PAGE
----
Much drinking took place at her place and I was worried about my horse being left tie up in a parking lot all night, so bombed out of my mind, I went down and took Old Paint through the apartment doors and let him go in the courtyard of the apartments.

When we woke up the following morning there was a flurry of activity in the courtyard. I saw a number of people out there and realized that they were wondering what to do with an unattended horse in the courtyard. I also realized that there was a pretty good chance that someone would finally call animal control and I'd have to bail Old Paint out of horse jail so I put my buckskins back on, grabbed the saddle, goods and garbage and heavily overloaded with everything, I staggered down into the courtyard.

Right in front of about a dozen outrage people I saddled Old Paint up, put on the saddlebags and rifle scabbard and led him out through the apartment and out into the parking lot. Then I simply saddled up and headed east into the prairie country.

Back then anything east of North Academy Boulevard was pretty much settled only a block or two deep and then reverted to prairie. I wonder how it is now.

I had made plans with my newly found sweetie to meet up, so when the heat died down, I slipped back into the fringes of civilization, found a phone booth, booted Superman out of it and called her up. What had happened the previous evening had apparently just sunk in and she was terrified that the apartment people would find out she was responsible for bringing the guy who let the horse free in the courtyard into the apartment village and she would get booted out. She begged off, which was all right by me.

I just saddled up and headed east and found a place to picket Old Paint and I sacked out for a while.

When I woke, it was later than I had expected, so I planned my ride home, figuring to arrive in the sparsly settled area between Manitou Springa and Colorado Springs late where I would camp overnight and then return up the pass in the morning.

Things seemed to be working out as planned, as it was starting to get a little dark as I was paralleling West Colorado Ave. I was a bit hungry and checked my possibles bag and found out I had fifty-nine cents. I could afford for a hoagie, so I headed down to West Colorado Ave figuring on hitting the Seven-11.

As I was pulling up there was some commotion. Some guy was starting to run down the street and the clerk, a Native American, was shouting that he had just been robbed. This was back in the days before the India-born Indians moved into the convenience store game. Back then Indians were Native Americcans. I dug my heels into Old Paint's sides and the chase was on!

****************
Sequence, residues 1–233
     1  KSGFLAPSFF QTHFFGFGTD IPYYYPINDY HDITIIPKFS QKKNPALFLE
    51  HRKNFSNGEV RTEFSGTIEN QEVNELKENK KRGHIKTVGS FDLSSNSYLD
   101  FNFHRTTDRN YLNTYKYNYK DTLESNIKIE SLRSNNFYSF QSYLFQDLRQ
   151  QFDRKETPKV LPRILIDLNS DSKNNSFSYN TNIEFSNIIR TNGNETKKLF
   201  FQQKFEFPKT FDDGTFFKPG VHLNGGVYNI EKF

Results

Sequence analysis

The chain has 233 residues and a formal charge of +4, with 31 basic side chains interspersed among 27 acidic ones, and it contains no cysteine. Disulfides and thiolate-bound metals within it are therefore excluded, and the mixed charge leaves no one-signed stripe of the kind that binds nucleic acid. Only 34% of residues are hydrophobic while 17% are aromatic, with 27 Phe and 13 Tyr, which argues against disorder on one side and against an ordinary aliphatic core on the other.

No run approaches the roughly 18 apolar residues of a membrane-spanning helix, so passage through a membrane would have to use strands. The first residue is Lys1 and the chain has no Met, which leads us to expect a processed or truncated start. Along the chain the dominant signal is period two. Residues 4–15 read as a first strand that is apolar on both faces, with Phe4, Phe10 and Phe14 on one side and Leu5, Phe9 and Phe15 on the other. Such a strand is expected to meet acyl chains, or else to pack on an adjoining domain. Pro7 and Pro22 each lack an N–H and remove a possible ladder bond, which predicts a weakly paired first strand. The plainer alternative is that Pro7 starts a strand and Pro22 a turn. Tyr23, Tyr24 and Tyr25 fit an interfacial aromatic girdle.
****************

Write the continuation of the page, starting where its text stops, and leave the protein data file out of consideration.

Now, Old Paint wasn't going to win the Kentucky Derby by a long shot, but he managed to catch up with the guy in very short order. I whipped my rifle out of the scabbard and planned on hitting the guy between the shoulders, but when I swung and saw him go down, I knew I had really brained him. He went down like a sack and something shiny flew out.

It was a revolver!

I had figured the guy to either be a snatch and grab or a shoplifter, but it was then and there I realized I had nailed an armed robber! The clerk was on him in a second, sitting on him with the pistol in hand, he looked up and started carrying on about how grateful he was.

When I told him I was coming in for a sandwich he told me to go inside and help myself, his treat. I was in and out in a flash and then realized the cops were coming and I really didn't want to be caught riding a horse on West Colorado Ave.

I looked at the clerk, thanked him for the sandwich and told him I had to leave before the police showed up and in a flash of inspiration, told him to tell the cops that a guy on a horse, wearing a mask nailed the guy, handed him something and shouted "Hi-Ho, Silver!" and galloped off. With that I reached into my possibles bag and handed him a freshly molded lead Mine ball that hadn't oxidized yet and still looked like it was silver in color. I hopped onto Old Paint, shouted "Hi-Ho, Silver! Away!" and galloped off.

I heard sirens in the distance and unassed the AO as fast as Old Paint could take me.

I had been away from the scene of the crime when it occurred to me just what had happened a few minutes and I started shaking like a leaf. I realized that I very well could have been shot dead by the robber and probably the only reason I hadn't been fired on was either that the thug had seen Old Paint and I coming like an avenging angel and panicked or maybe he hesitated to draw for some reason. It had probably been a close call and I was finally realizing just how close I had come.

The rest of the trip went as planned and I got home as planned. I overnighted where I had planned and spent most of the rest of the day riding home without event.

A couple days later one of the locals happened by and asked me a couple of pretty pointed questions about my whereabouts that I was on that particular night. He told me there was a blurb in the police blotter of the local downtown about the thwarted robbery and that the masked man that stopped the robbery had been on horseback, knocked the robber down, handed the clerk a silver bullet and shouted "Hi-Ho, Silver!" and galloped off.

I gave him an evasive answer, he gave me a dubious look, then me smirked and left.

A month or so later when I was riding Old Paint down to the Golden Bee at the Broadmoor Hotel for another thrilling visit to the big city, a cop drove by me on one of the side roads, smirked, shook his head and kept driving.

Maybe I'lll write about the visit to the Golden Bee some night.

Any of you guys ever ride a horse into a hotel bar?